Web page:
Friday, August 29, 2014

Patrick Quinn and Bruce Rauner: just a few quotations and commentary from the IEA forum held on April 14, 2014

For your perusal:   here are a few interesting excerpts from the IEA debate on April 14, 2014 and my [bracketed] informal thoughts:

Quinn: “My mom worked for 33 years at a middle school [as a para-professional], a public school in Illinois. Our family believes in public education.” [However, I (Governor Quinn) also believe in stealing money public employees have earned for retirement so I can continue to give exorbitant tax breaks to wealthy, extortionate corporations that support me, and so I can also continue to ignore the state’s seriously-flawed revenue structure and pension debt problems]. 

Quinn: “I believe in investing in public schools… With the help of the IEA, I was elected in 2010.” [Despite the fact that I have severely cut the budget for public education while serving as governor, the IEA and other unions will support me unconditionally in 2014 since Dillard lost!].   

Quinn: “I believe in making sure that our teachers have a properly-funded pension as governor. I’m the first governor in a very long time to pay every year the proper amount of money into the pension fund.” [Though I have borrowed money to fund the system, I have also shorted TRS (its actuarial requirement) over $3 billion; thus, the state’s debt service continues to grow. Moreover, even though I did not uphold Article XIII, Section 5 (Pension and Retirement Rights) of the Illinois Constitution (after all, why should I?), ‘I didn’t create the (pension) problem. But I’m here to solve it. I know that I was put on earth to get this done,’ and I got it done! Of course, if I have to do it again, I will despite union funding. You can bet on it!].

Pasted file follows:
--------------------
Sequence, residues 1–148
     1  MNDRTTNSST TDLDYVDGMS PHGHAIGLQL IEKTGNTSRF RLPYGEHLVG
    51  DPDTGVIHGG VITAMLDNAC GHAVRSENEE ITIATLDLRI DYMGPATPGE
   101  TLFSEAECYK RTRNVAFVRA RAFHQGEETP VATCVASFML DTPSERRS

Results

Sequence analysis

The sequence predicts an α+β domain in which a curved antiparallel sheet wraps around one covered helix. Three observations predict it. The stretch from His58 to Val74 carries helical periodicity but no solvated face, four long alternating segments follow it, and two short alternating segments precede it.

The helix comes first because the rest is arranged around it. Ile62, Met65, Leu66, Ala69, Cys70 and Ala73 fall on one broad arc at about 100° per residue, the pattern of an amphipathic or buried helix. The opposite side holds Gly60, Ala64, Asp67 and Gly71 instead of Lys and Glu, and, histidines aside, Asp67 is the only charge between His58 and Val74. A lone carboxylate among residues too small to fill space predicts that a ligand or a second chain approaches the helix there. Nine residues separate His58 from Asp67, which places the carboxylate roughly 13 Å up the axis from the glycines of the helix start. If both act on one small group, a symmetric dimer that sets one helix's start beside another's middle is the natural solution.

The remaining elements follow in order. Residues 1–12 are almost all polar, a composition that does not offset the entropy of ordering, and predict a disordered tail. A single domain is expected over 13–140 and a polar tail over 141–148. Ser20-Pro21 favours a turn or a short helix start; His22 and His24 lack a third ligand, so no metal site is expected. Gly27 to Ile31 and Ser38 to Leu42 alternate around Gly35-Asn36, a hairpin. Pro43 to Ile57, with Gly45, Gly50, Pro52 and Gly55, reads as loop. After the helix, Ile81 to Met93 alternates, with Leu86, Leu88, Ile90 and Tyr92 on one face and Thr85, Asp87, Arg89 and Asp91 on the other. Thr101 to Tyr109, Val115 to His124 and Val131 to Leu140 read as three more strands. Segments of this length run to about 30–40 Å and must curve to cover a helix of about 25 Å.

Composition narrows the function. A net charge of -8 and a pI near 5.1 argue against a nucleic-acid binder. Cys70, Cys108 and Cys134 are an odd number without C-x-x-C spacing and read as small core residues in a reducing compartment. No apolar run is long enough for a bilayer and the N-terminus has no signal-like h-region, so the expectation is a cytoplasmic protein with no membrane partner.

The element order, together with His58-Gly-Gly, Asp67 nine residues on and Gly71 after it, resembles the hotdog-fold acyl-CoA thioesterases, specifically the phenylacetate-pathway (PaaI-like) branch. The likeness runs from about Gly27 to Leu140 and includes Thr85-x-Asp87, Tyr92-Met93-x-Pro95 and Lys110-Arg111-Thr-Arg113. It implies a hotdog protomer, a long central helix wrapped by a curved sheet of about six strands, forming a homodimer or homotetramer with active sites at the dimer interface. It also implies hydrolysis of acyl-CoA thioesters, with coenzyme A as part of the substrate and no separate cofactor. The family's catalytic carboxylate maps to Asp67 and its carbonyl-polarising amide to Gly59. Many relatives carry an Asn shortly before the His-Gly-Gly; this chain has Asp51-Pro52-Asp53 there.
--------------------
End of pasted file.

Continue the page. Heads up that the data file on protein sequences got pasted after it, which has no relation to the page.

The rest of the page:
Quinn: “I made a decision [to sign Senate Bill 1], and we’ll let the courts decide whether it was the right decision or not… We’ll accept whatever decision [the Illinois Supreme Court] makes. If that particular law is not upheld by the Illinois Supreme Court, we’ll go back and work with you [the IEA and other union leadership] on a law that will be upheld.” 

[Though it did not matter to me in December last year whether I upheld my oath of office and challenged Article XIII, Section 5 of the Illinois Constitution, I am looking forward to signing another bill (perhaps just like Senate Bill 2404) into law with the approval of the Illinois General Assembly and the IEA and other unions of the coalition, so I, the General Assembly and the unions can legally diminish and impair both the retirees’ and current teachers’ constitutional rights and benefits, via another faulty attempt at consideration].

For a more developed and formal response than the short commentary I provided here, please review: Constitutional Issues Concerning Senate Bill 2404; please also review: Beware of the Trojan Horse that [Was] SB 2404 and the Concept of “Consideration”in Illinois Senate Bill 1.